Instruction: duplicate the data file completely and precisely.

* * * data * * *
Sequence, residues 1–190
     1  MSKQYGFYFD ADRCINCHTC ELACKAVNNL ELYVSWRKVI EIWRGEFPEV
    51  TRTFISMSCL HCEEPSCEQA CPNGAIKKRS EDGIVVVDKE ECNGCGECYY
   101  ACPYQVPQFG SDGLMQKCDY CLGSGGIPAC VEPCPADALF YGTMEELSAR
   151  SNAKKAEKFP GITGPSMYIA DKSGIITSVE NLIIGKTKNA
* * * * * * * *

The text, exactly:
Sequence, residues 1–190
     1  MSKQYGFYFD ADRCINCHTC ELACKAVNNL ELYVSWRKVI EIWRGEFPEV
    51  TRTFISMSCL HCEEPSCEQA CPNGAIKKRS EDGIVVVDKE ECNGCGECYY
   101  ACPYQVPQFG SDGLMQKCDY CLGSGGIPAC VEPCPADALF YGTMEELSAR
   151  SNAKKAEKFP GITGPSMYIA DKSGIITSVE NLIIGKTKNA